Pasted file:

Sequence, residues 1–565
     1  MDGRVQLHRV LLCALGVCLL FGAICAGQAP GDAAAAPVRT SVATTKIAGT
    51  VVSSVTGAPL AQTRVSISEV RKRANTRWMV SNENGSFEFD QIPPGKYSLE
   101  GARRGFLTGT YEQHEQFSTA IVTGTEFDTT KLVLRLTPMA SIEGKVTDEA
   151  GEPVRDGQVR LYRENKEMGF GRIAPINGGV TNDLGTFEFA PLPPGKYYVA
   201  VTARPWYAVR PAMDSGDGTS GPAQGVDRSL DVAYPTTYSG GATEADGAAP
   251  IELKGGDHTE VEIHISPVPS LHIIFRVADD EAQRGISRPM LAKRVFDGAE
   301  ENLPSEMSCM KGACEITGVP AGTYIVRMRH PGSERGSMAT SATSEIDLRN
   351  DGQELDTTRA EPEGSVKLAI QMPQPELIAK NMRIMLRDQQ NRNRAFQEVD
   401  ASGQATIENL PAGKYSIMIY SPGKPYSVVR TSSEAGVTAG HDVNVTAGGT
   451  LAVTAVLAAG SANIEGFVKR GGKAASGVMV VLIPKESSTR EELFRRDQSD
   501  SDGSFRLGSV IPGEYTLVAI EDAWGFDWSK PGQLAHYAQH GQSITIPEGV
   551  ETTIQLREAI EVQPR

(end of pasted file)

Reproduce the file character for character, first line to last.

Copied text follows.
Sequence, residues 1–565
     1  MDGRVQLHRV LLCALGVCLL FGAICAGQAP GDAAAAPVRT SVATTKIAGT
    51  VVSSVTGAPL AQTRVSISEV RKRANTRWMV SNENGSFEFD QIPPGKYSLE
   101  GARRGFLTGT YEQHEQFSTA IVTGTEFDTT KLVLRLTPMA SIEGKVTDEA
   151  GEPVRDGQVR LYRENKEMGF GRIAPINGGV TNDLGTFEFA PLPPGKYYVA
   201  VTARPWYAVR PAMDSGDGTS GPAQGVDRSL DVAYPTTYSG GATEADGAAP
   251  IELKGGDHTE VEIHISPVPS LHIIFRVADD EAQRGISRPM LAKRVFDGAE
   301  ENLPSEMSCM KGACEITGVP AGTYIVRMRH PGSERGSMAT SATSEIDLRN
   351  DGQELDTTRA EPEGSVKLAI QMPQPELIAK NMRIMLRDQQ NRNRAFQEVD
   401  ASGQATIENL PAGKYSIMIY SPGKPYSVVR TSSEAGVTAG HDVNVTAGGT
   451  LAVTAVLAAG SANIEGFVKR GGKAASGVMV VLIPKESSTR EELFRRDQSD
   501  SDGSFRLGSV IPGEYTLVAI EDAWGFDWSK PGQLAHYAQH GQSITIPEGV
   551  ETTIQLREAI EVQPR